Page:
The question of when and how international orders change remains a pertinent issue of International Relations theory. This article develops the model of pragmatic ordering to conceptualise change. The model of pragmatic ordering synthesises recent theoretical arguments for a focus on ordering advanced in-practice theory, pragmatist philosophy, and related approaches. It also integrates evidence from recent global governance research. We propose a five-stage model. According to the model, once a new problem emerges (problematisation), informality allows for experimenting with new practices and developing new knowledge (informalisation and experimentation). Once these experimental practices become codified, and survive contestation, they increasingly settle (codification) and are spread through learning and translation processes (consolidation). We draw on the rise of the maritime security agenda as a paradigmatic case and examine developments in the Western Indian Ocean region to illustrate each of these stages. The article draws attention to the substantial reorganisation of maritime space occurring over the past decade and offers an innovative approach for the study of orders and change.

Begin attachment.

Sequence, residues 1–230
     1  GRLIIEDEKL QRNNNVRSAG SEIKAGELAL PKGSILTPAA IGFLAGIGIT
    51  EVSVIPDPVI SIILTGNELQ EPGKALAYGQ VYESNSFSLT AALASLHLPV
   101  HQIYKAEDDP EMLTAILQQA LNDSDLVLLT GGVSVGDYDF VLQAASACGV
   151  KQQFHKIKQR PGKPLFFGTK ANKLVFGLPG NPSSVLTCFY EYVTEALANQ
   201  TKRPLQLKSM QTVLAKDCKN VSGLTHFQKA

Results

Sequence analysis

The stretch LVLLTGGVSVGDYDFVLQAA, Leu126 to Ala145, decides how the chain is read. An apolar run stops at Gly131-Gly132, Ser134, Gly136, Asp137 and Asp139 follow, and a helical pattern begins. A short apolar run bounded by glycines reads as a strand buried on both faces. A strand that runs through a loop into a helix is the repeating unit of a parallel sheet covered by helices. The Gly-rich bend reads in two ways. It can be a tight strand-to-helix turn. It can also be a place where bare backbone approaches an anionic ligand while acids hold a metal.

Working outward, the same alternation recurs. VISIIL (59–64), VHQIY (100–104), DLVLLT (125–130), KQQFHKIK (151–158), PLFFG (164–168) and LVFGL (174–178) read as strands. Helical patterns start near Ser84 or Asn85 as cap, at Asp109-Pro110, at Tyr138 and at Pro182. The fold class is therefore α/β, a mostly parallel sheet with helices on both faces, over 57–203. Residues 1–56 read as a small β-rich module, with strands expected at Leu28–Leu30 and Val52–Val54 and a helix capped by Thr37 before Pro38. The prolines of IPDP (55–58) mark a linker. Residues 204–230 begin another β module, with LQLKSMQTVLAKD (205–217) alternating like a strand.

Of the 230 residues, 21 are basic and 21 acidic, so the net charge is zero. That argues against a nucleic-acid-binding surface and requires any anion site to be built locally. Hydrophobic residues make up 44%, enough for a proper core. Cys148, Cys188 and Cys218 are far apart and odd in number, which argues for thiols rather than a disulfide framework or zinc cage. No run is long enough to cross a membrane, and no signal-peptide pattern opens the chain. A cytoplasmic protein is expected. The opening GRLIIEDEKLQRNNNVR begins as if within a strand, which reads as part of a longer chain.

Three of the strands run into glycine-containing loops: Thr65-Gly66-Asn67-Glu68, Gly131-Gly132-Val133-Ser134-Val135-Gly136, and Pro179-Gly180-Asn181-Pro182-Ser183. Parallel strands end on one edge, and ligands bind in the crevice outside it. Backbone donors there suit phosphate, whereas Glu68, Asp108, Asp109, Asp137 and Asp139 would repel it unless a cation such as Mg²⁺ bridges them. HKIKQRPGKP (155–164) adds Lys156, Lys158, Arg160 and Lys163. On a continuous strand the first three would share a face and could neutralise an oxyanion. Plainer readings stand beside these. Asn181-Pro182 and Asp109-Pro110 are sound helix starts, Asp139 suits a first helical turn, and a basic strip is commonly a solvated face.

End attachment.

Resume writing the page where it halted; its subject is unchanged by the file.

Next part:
Purpose: A service production system has a structure composed of task execution, agents performing tasks and a resulting service output. The purpose of this paper is to understand how such a service production system changes as a consequence of offshoring.Design/methodology/approach: Drawing on practice theory, the paper investigates how offshoring leads to reconfiguration of the service production system. Through a multiple case methodology, the authors demonstrate how agents and structures interact during reconfiguration.Findings: The paper analyses the reconfiguration of components of a service production system in response to change ignited by offshoring. The authors find recurring effects between structures that enable and constrain agents and agents who shape the structure of the production system. Research limitations/implications: The paper offers a novel contribution to the service operations management literature by applying practice theory. Moreover, the authors propose a detailed, activity-driven view of service production systems and service offshoring. The authors contribute to practice theory by extending its domain to operations management.Practical implicationsService production systems have the ability to self-correct any changes inflicted through offshoring of the systems, which helps firms that offshore.Originality/valueThe paper is aimed at service professionals and offshoring managers and proposes a novel presentation of the service production system with a description of how it responds to offshoring. The authors contribute to theory by applying practice theory to the fields of service operations management and offshoring.